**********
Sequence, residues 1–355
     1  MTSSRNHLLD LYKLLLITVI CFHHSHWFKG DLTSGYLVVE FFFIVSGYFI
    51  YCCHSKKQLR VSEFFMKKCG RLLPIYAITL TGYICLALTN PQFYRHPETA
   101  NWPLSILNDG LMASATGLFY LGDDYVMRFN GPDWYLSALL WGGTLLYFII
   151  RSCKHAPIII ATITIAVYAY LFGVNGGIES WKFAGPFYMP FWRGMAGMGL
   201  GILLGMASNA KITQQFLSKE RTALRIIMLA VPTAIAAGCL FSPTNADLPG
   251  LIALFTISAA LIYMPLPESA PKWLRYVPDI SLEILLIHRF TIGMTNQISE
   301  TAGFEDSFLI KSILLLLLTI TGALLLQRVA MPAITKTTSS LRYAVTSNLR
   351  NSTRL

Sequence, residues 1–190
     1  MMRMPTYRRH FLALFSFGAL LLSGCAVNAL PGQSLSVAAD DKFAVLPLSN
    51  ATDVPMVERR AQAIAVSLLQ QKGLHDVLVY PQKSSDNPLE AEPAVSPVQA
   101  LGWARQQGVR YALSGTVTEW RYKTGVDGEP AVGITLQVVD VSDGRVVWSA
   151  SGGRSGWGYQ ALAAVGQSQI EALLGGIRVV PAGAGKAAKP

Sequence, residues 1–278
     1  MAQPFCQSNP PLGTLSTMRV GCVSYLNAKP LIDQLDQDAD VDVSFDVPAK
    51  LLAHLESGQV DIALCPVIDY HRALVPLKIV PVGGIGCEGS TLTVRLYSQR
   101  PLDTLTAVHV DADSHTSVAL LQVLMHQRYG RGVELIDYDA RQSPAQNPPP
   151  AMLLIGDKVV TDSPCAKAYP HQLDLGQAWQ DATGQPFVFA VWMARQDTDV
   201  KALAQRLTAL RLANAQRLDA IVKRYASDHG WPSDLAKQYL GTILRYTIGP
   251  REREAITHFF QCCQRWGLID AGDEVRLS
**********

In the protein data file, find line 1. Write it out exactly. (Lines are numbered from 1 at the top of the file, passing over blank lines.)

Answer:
Sequence, residues 1–355